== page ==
• Designer | Que Onda Vos

    “...QUE ONDA VOS is about respect. Since the beginning we've always worked with the artisans as partners, we will always have a dialogue and we will never try to interfere in their way of living or change their lifestyle.”



    Designer | Que Onda Vos







    Designer | Que Onda Vos







    Designer | Que Onda Vos







    Designer | Que Onda Vos







    Designer | Que Onda Vos




    Shop all handmade textiles from Que Onda Vos HERE
  • A Dialogue

    Hanne De Wyngaert.
    Founder of Que Onda Vos



    Hanne De Wyngaert woke up one morning with the need for a more meaningful existence, the desire to foster a better world of respect and equality. My Chameleon meets the Founder and Designer of Que Onda Vos, a design label from Belgium, based in the heart of Guatemala that aims to protect the indigenous communities from losing their heritage.

    • Tell us about yourself – where were you born and raised? Where are you living today?

      I was born & raised in a small town called Hasselt, in Belgium.  After high school, when I was 17, I decided I wanted to study fashion design because this was where all my passions came together.  I had been collecting lookbooks and  Vogue’s from an early age and I was obsessed with musicians like PJ Harvey.  I loved the work of Guy Bourdin and Diane Arbus and I felt I could combine all of these inspirations during my studies at the famous Fashion Academy of Antwerp.  It was a time of research, experiment, and growth in a creative sense.  After graduating in 2006, I got involved in different projects from curating exhibitions, photography for music bands to launching a clothing label that was fully made in Belgium. Following this, I started thinking more about designing and developing products that have a social impact on the community, so I moved in a different direction. I took a small break to visit a textile project in Guatemala and felt very strongly that this was where I was supposed to be and work in the future. Coming home from this trip, I moved to London for half a year where I worked as a stylist and started preparing my ‘ one-time project’ in Guatemala. This ‘ one-time project’ grew into a 6 year one and is still ongoing :) I currently move between living in Belgium and Guatemala. When In Guatemala I live in Xela, the second biggest city in Guatemala, although it feels more like a small village.  All the families and communities we work with are one or two hours away from Xela, so we're pretty central.  Most items are produced in Momostenango. Momos have an old tradition of artisans weaving wool textiles on the foot loom.  Other communities we work with are closer to the beautiful Lake Atitlan, they develop hand-spun cotton yarn that is woven on the backstrap loom into placemats, cushions, etc.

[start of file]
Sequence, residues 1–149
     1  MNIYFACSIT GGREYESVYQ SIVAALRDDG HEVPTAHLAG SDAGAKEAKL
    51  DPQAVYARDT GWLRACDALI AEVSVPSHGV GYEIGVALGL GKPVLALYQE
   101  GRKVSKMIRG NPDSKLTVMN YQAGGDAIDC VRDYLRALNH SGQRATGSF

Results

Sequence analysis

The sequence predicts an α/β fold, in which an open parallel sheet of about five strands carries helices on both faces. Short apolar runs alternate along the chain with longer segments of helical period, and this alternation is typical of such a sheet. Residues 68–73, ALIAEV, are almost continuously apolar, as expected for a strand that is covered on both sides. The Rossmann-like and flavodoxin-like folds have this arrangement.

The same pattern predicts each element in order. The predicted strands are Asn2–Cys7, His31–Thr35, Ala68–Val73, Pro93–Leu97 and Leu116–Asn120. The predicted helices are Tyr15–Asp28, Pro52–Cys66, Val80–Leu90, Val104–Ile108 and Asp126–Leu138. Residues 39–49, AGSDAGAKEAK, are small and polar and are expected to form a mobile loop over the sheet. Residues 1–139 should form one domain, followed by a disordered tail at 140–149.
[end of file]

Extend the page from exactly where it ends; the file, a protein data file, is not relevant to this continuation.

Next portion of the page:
• How did the idea for Que Onda Vos come about? What were the early days like?

      I woke up one day with this clear thought in my mind that I wanted to give more meaning to my work in a social way.  At first, I was thinking of going to India to look for a fair trade organisation to collaborate with until one of my friends told me she knew someone that was working in a textile program with weavers in Guatemala. After travelling there for a month I got a first peek into their culture and weaving traditions and I fell in love with their work.  Most of the women in Guatemala still wear traditional clothing, woven by hand on the backstrap or foot loom.  In each region, they use different techniques, different designs, and different colours. Each design has its own history and their stories are very inspiring. The beginning was as any start of a new project, a blanc paper with no clear expectations and a lot of excitement and curiosities. The hardest part came later, on how to translate it into a business model, trying to marry two cultures where the artisans are respected and the clients on the other end of the world receive quality products at the agreed delivery time.

    • What is the philosophy of the brand and how will you maintain this as the business grows?

      QUE ONDA VOS is about respect.  Since the beginning we've always worked with the artisans as partners, we will always have a dialogue and we will never try to interfere in their way of living or change their lifestyle.  They have their own talleres (workshops) and their own schedules and we will always try to find solutions together with them. It is important that respect comes from both sides. As we are growing we will have to take the next step to start training artisans in house. This will give us more freedom to experiment with designs and more stability in production. We try our best to help to protect the communities from losing their heritage and their income as well as preventing the Guatemalan sheep species from disappearing. We want to promote awareness through conscious consumption while creating fair wage jobs in indigenous communities in Guatemala.